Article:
He was the "creepy" blue-haired landlord with "peeping tom" tendencies who was "obsessed with death". But it appears that Chris Jefferies was guilty of nothing more than being a British eccentric, after being formally cleared yesterday of any involvement in the murder of Joanna Yeates.
Jefferies, 66, has now been released from bail conditions, Avon and Somerset Police confirmed. The retired public school teacher was arrested on suspicion of murder after the frozen body of the landscape architect was discovered on Christmas Day.
Mr Jefferies, whose flat was in the same block in Clifton, Bristol, as that of Miss Yeates and her boyfriend, was held for three days as detectives investigated. Three weeks later the Dutch engineer Vincent Tabak, who lived next door to Miss Yeates, was charged with the 25-year-old's murder. Mr Jefferies has lived at a secret address since his arrest prompted a series of lurid media reports about his "eccentric" appearance and background.
He has put his flat up for sale for £245,000. The former head of English at Clifton College, a leading independent school, was described as a "nosy" landlord for refusing to let a couple put up net curtains for their privacy.
One report claimed he "traumatised 14-year-old boys by showing them X-rated horror films". Mr Jefferies had screened the 1961 British film The Innocents, starring Deborah Kerr, for English students in the mid-1970s.
Paul Okebu, of the solicitors Stokoe Partnership, said he was awaiting instruction from his client over possible legal action against media groups, following what Anna Soubry, a Conservative MP, described as an "outrageous" campaign of "vilification".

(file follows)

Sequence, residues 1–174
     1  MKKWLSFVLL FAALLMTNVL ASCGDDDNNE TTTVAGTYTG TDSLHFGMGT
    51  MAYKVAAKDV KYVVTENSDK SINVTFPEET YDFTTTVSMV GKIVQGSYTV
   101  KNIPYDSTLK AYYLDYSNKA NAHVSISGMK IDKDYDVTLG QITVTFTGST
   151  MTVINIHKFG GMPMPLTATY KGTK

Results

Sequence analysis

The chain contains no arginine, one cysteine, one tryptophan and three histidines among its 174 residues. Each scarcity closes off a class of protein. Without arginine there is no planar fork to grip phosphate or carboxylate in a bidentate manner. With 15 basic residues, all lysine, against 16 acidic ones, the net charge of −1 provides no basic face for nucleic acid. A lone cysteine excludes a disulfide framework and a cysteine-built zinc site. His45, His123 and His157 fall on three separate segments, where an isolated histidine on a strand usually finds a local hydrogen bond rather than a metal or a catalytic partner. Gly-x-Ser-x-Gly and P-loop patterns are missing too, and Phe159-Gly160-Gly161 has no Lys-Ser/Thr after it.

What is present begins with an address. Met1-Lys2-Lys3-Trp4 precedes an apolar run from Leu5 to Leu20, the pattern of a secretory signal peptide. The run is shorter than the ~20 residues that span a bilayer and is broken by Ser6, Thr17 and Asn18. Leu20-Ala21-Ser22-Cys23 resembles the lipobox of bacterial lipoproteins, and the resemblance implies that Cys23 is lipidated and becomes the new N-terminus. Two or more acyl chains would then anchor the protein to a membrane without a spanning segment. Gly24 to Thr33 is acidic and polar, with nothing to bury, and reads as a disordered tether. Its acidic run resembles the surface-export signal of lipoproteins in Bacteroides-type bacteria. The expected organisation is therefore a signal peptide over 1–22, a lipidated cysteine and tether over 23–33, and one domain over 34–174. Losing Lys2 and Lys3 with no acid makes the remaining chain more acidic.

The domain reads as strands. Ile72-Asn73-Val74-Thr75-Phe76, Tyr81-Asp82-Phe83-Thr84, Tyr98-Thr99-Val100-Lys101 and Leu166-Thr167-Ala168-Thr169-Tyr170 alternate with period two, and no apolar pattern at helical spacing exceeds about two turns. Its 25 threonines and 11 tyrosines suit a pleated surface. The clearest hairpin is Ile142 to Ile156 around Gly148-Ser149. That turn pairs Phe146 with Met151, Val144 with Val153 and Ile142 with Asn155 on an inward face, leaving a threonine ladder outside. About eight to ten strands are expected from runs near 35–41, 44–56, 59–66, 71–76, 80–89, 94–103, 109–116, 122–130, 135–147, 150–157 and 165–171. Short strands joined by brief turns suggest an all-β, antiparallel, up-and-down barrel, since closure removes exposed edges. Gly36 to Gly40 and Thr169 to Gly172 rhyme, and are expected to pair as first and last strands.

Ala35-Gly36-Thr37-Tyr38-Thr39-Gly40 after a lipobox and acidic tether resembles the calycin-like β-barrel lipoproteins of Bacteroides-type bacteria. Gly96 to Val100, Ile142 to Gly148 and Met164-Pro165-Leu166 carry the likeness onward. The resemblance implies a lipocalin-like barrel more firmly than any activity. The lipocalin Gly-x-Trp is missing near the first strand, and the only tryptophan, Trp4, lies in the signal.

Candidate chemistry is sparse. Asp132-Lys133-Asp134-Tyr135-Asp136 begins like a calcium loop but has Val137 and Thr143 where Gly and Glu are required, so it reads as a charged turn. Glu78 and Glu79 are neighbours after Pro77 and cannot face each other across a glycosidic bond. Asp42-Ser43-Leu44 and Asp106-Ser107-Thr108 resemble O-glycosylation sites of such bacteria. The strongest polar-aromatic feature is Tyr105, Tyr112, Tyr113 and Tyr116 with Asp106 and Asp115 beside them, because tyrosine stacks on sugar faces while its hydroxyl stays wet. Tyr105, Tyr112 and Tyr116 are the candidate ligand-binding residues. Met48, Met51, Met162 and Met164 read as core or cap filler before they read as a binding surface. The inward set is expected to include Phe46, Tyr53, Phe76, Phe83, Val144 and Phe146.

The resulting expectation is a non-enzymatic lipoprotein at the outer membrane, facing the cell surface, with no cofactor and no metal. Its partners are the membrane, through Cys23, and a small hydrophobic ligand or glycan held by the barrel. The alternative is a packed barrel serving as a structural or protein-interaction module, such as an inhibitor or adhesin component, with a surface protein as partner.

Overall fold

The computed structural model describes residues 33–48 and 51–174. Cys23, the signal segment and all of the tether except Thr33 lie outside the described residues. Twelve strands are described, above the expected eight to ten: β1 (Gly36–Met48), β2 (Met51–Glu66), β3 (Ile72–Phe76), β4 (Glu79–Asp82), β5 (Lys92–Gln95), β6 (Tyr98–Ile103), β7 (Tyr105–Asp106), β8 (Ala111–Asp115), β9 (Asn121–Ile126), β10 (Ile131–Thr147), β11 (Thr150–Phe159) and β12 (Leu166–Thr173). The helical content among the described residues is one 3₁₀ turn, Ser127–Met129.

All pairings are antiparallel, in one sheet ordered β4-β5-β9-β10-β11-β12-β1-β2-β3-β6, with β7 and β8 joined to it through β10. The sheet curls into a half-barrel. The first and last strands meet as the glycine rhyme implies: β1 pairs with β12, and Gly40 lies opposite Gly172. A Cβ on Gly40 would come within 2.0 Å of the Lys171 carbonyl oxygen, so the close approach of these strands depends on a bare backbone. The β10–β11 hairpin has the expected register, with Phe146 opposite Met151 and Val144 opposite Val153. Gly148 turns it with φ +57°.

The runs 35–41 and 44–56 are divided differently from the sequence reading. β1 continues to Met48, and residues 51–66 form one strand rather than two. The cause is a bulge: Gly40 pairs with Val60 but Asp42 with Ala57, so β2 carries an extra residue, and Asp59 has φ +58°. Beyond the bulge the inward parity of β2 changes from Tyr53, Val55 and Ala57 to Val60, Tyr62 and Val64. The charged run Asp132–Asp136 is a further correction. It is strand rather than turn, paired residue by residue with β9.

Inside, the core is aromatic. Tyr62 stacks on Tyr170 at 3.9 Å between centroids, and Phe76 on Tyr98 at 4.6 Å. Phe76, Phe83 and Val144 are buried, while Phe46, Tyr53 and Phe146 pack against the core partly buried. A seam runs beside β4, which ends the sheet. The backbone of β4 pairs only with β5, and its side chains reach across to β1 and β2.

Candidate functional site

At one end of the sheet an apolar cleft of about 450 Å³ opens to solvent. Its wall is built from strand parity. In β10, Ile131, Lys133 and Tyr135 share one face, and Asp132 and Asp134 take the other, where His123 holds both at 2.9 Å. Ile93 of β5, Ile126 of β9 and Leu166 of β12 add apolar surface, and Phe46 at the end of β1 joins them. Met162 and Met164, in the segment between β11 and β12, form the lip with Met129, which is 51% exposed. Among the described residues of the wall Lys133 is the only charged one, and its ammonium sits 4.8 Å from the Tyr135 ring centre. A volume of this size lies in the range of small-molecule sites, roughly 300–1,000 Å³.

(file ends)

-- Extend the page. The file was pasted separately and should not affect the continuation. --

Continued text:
She introduced a private member's Bill in Parliament which would make it illegal for a newspaper or broadcaster to name someone arrested or questioned by police until they are charged. The Government is not supporting the Soubry bill, but Dominic Grieve, the Attorney General, is conducting a review of the 1981 Contempt of Court Act, which makes it an offence to publish information "tending to interfere with the course of justice, in particular legal proceedings". Mr Grieve is examining tighter restrictions on the material published between an arrest and a possible charge, according to Government sources.
A spokesman said: "The Attorney General is reviewing how the courts interpret the strict liability rule in relation to pre-trial publicity, particularly that which takes place some months before any potential trial."
The Jefferies arrest prompted a wave of comments on Twitter – material that might have been deemed prejudicial in a trial but which lies outside the control of media organisations.
However, media lawyer Mark Stephens said he did not believe the Jefferies case merited a change in the law. "Being named can actually prompt members of the public, who are unknown to the suspect, to come forward and confirm an alibi," he said.
Mr Jefferies may find it hard to make a libel case stick. "No one's reputation is likely to be enhanced by being interviewed by the police in connection with a murder but mud doesn't stick, it quickly washes off," Mr Stephens said.
Mr Jefferies could pursue an invasion of privacy case against media groups. His solicitor said his client was now considering a series of requests to speak publicly about his experience.